Words on Weather & Climate by Craig James — January 14, 2010

January 14, 2010 // 0 Comments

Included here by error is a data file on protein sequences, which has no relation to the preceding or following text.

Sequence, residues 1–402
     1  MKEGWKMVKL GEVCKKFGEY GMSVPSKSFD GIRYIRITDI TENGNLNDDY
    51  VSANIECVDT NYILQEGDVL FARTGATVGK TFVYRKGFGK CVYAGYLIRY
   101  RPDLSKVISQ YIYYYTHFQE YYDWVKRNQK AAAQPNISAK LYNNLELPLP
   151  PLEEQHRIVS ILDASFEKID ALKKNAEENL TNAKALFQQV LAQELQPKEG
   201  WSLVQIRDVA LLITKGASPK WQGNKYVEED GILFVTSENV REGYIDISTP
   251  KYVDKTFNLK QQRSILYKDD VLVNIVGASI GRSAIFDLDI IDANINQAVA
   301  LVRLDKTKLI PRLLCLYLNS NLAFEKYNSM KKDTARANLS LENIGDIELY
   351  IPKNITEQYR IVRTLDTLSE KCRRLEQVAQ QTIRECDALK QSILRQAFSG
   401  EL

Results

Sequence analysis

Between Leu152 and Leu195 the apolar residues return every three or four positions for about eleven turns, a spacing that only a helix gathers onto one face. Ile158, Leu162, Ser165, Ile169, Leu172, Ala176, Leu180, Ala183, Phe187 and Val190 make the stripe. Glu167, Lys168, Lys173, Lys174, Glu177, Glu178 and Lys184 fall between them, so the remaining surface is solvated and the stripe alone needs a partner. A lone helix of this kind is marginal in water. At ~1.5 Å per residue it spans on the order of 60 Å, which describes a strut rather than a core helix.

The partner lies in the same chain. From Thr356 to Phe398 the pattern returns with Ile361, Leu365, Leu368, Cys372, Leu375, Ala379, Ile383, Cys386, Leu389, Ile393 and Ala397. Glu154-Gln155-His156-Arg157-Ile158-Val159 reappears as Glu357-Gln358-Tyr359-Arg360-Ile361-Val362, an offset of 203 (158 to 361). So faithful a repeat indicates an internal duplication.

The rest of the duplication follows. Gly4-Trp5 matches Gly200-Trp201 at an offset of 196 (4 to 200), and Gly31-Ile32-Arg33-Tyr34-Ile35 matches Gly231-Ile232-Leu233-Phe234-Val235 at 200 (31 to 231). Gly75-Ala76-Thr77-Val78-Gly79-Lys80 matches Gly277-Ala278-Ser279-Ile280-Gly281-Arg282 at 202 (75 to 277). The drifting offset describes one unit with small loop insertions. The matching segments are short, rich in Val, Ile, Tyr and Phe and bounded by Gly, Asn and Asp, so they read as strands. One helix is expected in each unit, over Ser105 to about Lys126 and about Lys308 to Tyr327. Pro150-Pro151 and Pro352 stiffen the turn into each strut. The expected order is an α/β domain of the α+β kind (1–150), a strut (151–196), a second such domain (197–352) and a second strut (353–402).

Cold weather makes headlines by CRAIG JAMES “World copes with Arctic weather…” “Winter Could Be Worst in 25 Years for USA…” “CHILL MAP…” “3 Deaths Due To Cold in Memphis…” “GAS SUPPLIES RUNNING OUT IN UK…” “Elderly burn books for warmth?” “Vermont sets ‘all-time record for one snowstorm’…” “Iowa temps ‘a solid 30 degrees below normal’…” “Seoul buried in heaviest snowfall in 70 years…” “Historic ice build-up shuts down NJ nuclear power plant…” “Midwest Sees Near-Record Lows, Snow By The Foot…” “Miami shivers from coldest weather in decade…” These are just a few of the headlines from newspapers last week about the very cold weather across much of the northern hemisphere. In the first 10 days of January, there were over 700 cold temperature records either tied or broken in just the United States alone, making it one of the coldest starts to a new year on record. There were snowflakes reported Saturday morning, January 9 as far south as Naples, Florida, and even into the northern portions of Dade County, where Miami is located. The last time that happened was back in 1977. Over 100,000 tropical fish have died in south Florida from the cold and—in one of the strangest reports I have ever seen—giant iguanas became comatose from the cold and fell from trees. The National Weather Service could have issued a falling iguana warning. One winter, obviously, doesn’t make a climate trend and just as you can’t point to one storm or heat wave to prove global warming, you can’t point to one cold wave to indicate the end of global warming. Using one cold wave to claim climate change is equally in error. In a White House press briefing, Friday, Jan. 8, Press Secretary Robert Gibbs stated, “Worldwide record cold is the result of climate change.” At least he knew how ridiculous it would sound if he had said it was the result of global warming. One weather pattern is not climate. The cold weather this winter can very easily be explained by natural phenomena such as changing ocean currents. However, the fact there hasn’t been any warming in the past decade and that a number of new studies suggest global cooling on the horizon, may indeed indicate a change in the […]